The native Egyptian honeybee (Apis mellifera), the smaller and more aggressive cousin of the European honeybee, was probably exploited by the Egyptians at least as early as the Neolithic period. Honey was known to the Egyptians as bἰt; bees were called ʒfἰ n bἰt, “honey flies” (usually shortened to bἰt). By the first dynasty, the king was known as nsw bἰty, “He of the Reed and Bee,” one of the most important components of the royal titulary, thereby associating the monarch with the heraldic emblems of Upper and Lower Egypt, respectively.

Only five scenes depicting apiculture are known from pharaonic Egypt. The earliest is from the fifth dynasty sun temple of Newoserre Any at Abu Ghurob (a fragment of a similar scene is known from the pyramid causeway of Unas at Saqqara). The scene illustrates the procedures of organized gathering, filtering, and packing honey. The eighteenth dynasty tomb of the vizier Rekhmira at Thebes (tomb 100) depicts a man harvesting honeycomb from hives while a second holds a smoke pot to the mouths of the hives (smoke induces bees to fill their stomachs with honey and become less aggressive); elsewhere in the scene, workers pack pots with honey after having extracted it from the combs. Tomb 73, also of the eighteenth dynasty, is badly damaged, but is shows two bee-workers smoking stacked hives. Two Saite period tombs at Asasif—those of Pebes (tomb 279) and ʿAnkh-her (tomb 414)—have almost identical scenes portraying a man before stacked hives, while in the register above a worker pours extracted honey into a jar (almost lost in tomb 414); these Saite reliefs are probably copies of older apicultural scenes. Ancient Egyptian beehives, as all these scenes depict, were long ceramic tubes, sealed at either end with mud or wadding and stacked horizontally in walls; a similar technique is still employed in Egypt today.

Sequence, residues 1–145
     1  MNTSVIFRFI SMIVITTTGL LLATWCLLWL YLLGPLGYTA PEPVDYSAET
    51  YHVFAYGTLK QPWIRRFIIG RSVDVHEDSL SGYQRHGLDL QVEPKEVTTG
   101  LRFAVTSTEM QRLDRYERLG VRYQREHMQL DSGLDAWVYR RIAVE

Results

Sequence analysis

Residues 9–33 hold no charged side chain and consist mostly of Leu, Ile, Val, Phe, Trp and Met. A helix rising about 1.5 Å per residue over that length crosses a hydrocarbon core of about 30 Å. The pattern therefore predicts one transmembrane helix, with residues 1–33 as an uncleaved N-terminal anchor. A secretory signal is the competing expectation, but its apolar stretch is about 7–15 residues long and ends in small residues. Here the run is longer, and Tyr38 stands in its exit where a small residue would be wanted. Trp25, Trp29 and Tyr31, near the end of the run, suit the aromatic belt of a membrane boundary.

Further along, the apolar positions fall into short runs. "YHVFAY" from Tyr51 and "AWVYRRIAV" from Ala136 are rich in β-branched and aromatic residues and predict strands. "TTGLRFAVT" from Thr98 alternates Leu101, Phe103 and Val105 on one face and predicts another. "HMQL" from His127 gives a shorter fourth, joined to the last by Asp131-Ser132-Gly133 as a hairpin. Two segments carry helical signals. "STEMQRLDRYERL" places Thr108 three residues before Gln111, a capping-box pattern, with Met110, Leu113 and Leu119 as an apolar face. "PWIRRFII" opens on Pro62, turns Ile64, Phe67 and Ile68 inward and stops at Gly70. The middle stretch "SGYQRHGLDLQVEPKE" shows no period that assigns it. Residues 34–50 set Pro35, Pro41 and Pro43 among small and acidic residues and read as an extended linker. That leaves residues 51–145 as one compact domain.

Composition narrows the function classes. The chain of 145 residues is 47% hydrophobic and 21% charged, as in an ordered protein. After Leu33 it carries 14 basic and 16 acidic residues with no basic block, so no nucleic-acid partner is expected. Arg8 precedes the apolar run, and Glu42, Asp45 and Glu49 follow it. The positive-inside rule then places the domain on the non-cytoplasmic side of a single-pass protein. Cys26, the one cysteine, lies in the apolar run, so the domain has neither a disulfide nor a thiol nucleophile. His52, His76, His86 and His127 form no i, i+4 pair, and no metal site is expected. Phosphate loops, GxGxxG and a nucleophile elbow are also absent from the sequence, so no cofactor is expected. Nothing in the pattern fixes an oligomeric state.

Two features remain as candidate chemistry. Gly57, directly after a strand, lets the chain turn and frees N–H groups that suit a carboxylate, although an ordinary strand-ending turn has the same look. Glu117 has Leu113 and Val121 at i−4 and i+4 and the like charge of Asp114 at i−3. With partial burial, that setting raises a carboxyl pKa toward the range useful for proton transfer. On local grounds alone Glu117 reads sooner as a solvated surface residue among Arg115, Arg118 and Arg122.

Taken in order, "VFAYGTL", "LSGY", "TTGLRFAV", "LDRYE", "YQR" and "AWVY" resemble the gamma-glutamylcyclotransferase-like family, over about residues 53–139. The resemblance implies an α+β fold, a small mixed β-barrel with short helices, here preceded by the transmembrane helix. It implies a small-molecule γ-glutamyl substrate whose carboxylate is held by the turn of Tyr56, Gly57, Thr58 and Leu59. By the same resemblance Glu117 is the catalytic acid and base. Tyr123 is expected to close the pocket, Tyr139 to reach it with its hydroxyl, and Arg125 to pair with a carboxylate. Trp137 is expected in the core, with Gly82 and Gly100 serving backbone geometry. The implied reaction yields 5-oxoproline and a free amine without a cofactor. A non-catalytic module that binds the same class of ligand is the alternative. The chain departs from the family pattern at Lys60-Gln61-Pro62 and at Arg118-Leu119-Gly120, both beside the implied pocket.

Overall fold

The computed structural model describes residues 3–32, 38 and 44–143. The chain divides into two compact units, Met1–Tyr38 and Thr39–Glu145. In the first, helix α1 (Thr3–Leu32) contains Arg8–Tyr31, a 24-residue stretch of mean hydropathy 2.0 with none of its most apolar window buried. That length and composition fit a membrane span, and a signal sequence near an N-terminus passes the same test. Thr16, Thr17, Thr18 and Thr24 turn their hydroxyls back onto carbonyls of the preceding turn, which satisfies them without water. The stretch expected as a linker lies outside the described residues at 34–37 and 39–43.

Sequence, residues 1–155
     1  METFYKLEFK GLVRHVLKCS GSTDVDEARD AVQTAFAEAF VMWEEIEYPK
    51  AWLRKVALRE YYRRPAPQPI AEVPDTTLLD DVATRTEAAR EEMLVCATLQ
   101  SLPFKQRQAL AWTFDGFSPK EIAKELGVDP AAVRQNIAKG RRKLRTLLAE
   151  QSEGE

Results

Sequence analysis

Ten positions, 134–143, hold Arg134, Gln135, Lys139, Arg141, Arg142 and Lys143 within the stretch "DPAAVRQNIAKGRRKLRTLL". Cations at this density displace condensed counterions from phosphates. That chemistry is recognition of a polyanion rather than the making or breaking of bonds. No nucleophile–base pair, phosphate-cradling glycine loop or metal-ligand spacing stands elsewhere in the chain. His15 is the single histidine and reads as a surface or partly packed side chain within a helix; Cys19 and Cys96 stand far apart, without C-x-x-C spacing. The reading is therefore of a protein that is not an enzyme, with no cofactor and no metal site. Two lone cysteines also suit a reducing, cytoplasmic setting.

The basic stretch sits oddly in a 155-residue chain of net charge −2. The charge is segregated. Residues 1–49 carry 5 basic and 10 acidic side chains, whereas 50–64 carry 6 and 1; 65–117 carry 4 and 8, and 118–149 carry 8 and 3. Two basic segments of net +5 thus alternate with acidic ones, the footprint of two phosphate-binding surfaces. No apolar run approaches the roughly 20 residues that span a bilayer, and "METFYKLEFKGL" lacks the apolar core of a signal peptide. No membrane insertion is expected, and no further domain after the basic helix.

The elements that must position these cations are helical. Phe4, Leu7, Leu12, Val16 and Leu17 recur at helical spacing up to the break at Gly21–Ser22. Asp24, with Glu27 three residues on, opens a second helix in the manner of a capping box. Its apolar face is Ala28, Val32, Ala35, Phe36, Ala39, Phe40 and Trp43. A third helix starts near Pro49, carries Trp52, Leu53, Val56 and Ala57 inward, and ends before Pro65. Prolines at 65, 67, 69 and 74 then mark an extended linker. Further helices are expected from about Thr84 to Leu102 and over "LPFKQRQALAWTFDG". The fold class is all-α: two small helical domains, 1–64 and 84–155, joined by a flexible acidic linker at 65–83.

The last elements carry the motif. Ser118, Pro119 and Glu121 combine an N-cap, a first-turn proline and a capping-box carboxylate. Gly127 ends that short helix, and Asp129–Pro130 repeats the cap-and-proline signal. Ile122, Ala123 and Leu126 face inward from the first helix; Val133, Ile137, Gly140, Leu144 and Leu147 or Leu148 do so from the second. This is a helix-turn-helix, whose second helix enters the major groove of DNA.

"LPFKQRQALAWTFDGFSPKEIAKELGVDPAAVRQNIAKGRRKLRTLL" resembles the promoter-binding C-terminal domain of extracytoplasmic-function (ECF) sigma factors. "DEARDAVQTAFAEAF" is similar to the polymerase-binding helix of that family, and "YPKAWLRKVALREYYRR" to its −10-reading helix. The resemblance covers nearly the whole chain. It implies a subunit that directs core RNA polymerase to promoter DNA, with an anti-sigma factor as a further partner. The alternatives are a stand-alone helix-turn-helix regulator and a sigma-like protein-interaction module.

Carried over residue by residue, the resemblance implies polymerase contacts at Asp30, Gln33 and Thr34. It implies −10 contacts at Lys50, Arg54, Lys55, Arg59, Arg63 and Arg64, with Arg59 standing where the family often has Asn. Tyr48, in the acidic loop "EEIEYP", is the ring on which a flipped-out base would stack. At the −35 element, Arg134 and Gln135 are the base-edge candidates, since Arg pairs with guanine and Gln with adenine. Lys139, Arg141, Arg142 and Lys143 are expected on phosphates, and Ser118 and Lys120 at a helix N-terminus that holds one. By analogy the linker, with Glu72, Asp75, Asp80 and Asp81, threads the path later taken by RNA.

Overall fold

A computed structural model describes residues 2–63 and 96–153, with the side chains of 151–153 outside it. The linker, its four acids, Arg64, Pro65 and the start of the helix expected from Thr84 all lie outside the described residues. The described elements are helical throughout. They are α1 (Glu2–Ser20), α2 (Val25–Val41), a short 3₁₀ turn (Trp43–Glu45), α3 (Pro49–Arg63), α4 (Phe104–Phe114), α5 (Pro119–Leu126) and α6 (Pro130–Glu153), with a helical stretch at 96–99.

Bees and honey were important in Egyptian religion. In one myth, the tears of Re are said to become bees, while the Pyramid Texts mention that Nut could appear as a bee. The temple of Neith at Sais was called the “House of the Bee.” Honey served as an offering to the gods, and that used by the cult of Min (where honey was particularly important) was provided both by professional beekeepers (ʒftyw) and by honey-hunters (bἰtyw) who collected it from wild hives. Certain texts mention “beekeepers of Amun.” Huge amounts of honey were offered by Ramesses III to the god Hapy. At Dendera, however, it was forbidden to eat honey. In the eighteenth dynasty, honey (both combs and jars) is often depicted being offered to private tomb-owners.

Besides its importance in religious rituals, honey was employed as a sweetener, utilized in baked goods, and used to prime beer and wine; it was apparently a component of some perfumes. Of the approximately nine hundred cures mentioned in medical papyri, about five hundred involve the use of honey (which has natural anti-bacterial properties).

Although honey was imported from Palestine, the majority was produced in Egyptian apiaries. A state-appointed “Overseer of Beekeepers of the Entire Land” is known from the Middle Kingdom, indicating widespread beekeeping. In the Ptolemaic period, large-scale apiaries—some consisting of at least five thousand hives—are known from the Faiyum; these were probably involved in migratory beekeeping, the hives being moved to fields in flower to take advantage of rich honey-flows.


  • Brewer, Douglas J., Donald B. Redford, and Susan Redford. Domestic Plants and Animals: The Egyptian Origins. Warminster, 1994. See pp. 125–129 for the most current treatment of Egyptian apiculture in English, though the tomb of ʿAnkh-ḥer (Asasif tomb 414) is not mentioned.
  • Crane, Eva E. The Archaeology of Beekeeping. London, 1983. Written by a historian of apiculture, chapter 2 (pp. 34–43) discusses the development of apiculture in ancient Egypt (and the survival of such techniques in modern Egypt).
  • Kuény, Gustav. "Scènes apicoles dans l'ancienne Égypte." Journal of Near Eastern Studies 9 (1950):84–93. Although dated, this article is the one of the standard sources; Kuény deals with both ancient and modern apicultural practices in Egypt.

Troy Leiland Sagrillo